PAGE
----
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Inauguration Day 2009 on the Washington Mall
January 26 2009

“I’m waking you up at 8:00 AM because we have to be out the door no later than 9:00,” Taylor warned me the night before.
I hadn’t planned on being in Washington, D.C. during Barak Obama’s inauguration, but there I was the week of January 20, 2009 visiting a friend from college on one of my yearly pilgrimages to the U.S.
I live in Spain, and it was in my Madrid studio apartment on November 3, 2009 that I flipped incessantly between the New York Times and MSNBC web sites during the wee hours of the morning, waiting for news of Obama’s victory over McCain. My mother in Chicago - my hometown – remained logged on to Skype so that each time a new state turned blue we could call each other and celebrate with mounting excitement.
I’ve remained a loyal Obama supporter ever since I first saw him campaign for the Illinois Senate at a school in the neighborhood where I grew up, so remaining awake merely to hear him announced the winner of the presidential election just wasn’t enough.
At around 7:00 AM Spanish time, Obama stood on the stage erected in Grant Park and spoke of a future with him as president. Enveloped in the darkness and early morning quite of a country far away, I sat on my bed, glued to my laptop, and cried. For the first time in a long time, I was proud of a decision that my country had made.
In truth, it was only appropriate, maybe even fateful, that I should be in DC to see Obama become the 44th President of the United States. But I was made aware upon my arrival that witnessing this historic moment would not be without personal sacrifice, namely an early morning wakeup call and a three mile walk from DC’s Mount Pleasant neighborhood to the Washington Mall, thanks to what promised to be spotty and over-crowded public transportation.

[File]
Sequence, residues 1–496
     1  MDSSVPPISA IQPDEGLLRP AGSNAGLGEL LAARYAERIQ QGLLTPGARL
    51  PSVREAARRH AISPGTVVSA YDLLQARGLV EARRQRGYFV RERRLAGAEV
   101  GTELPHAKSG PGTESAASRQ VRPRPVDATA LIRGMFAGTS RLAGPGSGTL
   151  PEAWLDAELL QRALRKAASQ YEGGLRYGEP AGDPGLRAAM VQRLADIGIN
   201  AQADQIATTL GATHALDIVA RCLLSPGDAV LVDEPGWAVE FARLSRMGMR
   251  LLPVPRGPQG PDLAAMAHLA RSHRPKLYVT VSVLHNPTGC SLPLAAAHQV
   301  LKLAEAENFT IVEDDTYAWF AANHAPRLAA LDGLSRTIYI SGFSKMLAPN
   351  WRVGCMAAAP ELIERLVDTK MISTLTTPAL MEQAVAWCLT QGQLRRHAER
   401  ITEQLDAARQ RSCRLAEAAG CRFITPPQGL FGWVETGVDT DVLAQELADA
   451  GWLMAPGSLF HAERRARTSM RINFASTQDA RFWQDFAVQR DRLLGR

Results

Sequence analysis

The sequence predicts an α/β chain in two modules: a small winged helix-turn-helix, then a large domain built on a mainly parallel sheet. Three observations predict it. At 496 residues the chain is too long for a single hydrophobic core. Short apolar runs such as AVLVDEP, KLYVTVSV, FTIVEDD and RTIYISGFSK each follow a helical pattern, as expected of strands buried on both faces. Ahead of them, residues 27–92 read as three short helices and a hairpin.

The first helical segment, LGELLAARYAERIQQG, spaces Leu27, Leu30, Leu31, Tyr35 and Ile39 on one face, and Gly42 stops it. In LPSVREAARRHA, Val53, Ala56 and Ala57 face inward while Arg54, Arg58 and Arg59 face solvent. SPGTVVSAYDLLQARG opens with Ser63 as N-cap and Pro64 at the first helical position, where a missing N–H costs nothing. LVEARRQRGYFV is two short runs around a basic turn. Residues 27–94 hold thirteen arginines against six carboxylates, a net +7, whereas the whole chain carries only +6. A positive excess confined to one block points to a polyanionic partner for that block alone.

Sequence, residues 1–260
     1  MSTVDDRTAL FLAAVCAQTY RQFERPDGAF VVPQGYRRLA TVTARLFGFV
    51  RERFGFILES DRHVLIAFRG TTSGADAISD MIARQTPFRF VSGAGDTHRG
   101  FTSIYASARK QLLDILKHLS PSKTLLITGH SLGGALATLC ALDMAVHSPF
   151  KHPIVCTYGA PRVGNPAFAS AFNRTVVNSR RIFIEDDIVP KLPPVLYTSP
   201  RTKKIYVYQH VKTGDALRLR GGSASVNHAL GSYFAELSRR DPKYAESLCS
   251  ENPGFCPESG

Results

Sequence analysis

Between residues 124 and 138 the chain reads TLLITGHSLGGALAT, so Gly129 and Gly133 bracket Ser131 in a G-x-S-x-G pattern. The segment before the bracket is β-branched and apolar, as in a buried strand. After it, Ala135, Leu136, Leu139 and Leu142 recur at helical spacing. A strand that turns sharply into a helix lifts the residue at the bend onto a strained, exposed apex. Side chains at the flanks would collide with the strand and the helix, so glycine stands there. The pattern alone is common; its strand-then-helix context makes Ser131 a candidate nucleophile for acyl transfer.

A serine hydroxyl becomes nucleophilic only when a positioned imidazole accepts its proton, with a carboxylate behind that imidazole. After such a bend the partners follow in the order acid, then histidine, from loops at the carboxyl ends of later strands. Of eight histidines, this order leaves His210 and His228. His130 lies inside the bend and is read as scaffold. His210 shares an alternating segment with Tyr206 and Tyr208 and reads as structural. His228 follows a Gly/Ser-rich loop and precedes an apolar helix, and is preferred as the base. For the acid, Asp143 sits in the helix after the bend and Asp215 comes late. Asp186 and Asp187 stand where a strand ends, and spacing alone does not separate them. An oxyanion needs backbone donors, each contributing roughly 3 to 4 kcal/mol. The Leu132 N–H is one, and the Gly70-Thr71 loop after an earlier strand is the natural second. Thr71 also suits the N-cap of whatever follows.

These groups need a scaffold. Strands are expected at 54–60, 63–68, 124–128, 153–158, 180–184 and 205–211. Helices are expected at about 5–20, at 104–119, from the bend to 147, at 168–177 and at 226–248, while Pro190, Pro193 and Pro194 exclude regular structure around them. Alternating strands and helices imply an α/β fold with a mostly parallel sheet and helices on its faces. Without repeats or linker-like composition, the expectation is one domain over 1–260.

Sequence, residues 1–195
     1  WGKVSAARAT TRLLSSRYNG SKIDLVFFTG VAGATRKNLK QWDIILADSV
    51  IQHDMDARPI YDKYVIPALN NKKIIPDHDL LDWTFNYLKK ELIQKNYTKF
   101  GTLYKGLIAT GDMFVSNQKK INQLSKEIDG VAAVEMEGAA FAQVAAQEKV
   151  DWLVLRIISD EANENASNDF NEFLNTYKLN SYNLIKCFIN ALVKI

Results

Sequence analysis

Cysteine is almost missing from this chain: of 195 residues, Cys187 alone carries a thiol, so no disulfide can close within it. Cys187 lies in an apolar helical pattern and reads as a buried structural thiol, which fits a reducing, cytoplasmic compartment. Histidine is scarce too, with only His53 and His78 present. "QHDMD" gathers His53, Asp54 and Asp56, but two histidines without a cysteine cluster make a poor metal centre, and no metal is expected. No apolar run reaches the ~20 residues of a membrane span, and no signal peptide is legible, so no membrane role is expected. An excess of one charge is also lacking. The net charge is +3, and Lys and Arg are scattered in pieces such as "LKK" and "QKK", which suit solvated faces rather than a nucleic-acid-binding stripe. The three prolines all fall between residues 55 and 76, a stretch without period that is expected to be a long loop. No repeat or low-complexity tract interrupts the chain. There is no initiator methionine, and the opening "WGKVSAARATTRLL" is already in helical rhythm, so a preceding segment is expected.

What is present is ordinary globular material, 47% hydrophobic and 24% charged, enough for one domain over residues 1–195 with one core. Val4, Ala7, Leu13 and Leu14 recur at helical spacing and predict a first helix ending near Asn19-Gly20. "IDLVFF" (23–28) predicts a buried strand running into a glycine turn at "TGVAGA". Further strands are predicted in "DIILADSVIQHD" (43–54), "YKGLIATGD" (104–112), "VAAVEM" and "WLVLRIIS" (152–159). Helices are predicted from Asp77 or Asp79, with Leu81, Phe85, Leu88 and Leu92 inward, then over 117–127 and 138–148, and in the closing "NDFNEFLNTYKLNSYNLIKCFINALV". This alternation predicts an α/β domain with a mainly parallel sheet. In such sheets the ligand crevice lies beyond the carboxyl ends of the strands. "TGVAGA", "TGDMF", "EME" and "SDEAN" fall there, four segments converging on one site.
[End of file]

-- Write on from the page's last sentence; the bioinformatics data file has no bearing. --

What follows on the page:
But even a restless night of tossing and turning on a pull-out sofa bed couldn’t keep me from attending Obama’s inauguration. After just three hours of sleep and a quick breakfast, we bundled ourselves in layers and hit the freezing streets. At the 42 Bus stop we met up with four other friends, and managed to squeeze ourselves onto a special bus, which took us as close to the Mall as allowed, about one mile away.
The streets were packed with Obama merchandise vendors and inauguration goers. As our group of young Americans turned onto a street perpendicular to the mall, we were wowed by the sea of people marching ahead of us. Announcements that there wasn’t a single vacant hotel room in DC and the empty coach buses that littered the city’s streets were an obvious indication of just how many people we could expect, but it didn’t prepare us for the actual site of these converging masses.
As we joined the stream of people flowing onto the mall, we were handed free bags of snack pretzels and sticky name tags that read “HELLO my fellow American, my name is…” And everyone in our party was surprised at the almost absolute absence of any kind of security. We were all fairly sure that all of DC and the surrounding area’s resources were being used to protect the area around the inaugural podium and that the rest of us would just have to tough it out.
We tried several spots along the Mall and settled on an area to the left of the WWII Memorial. Despite a tangle of bare branches from a nearby tree, we were able to view the jumbotron relatively unhindered. We watched as the event presenter announced inaugural attendees and tried to identify those celebrities who’d attended but gone unnamed, including Jay-Z, Beyonce, P. Diddy and the Governator Arnold Schwarzenegger.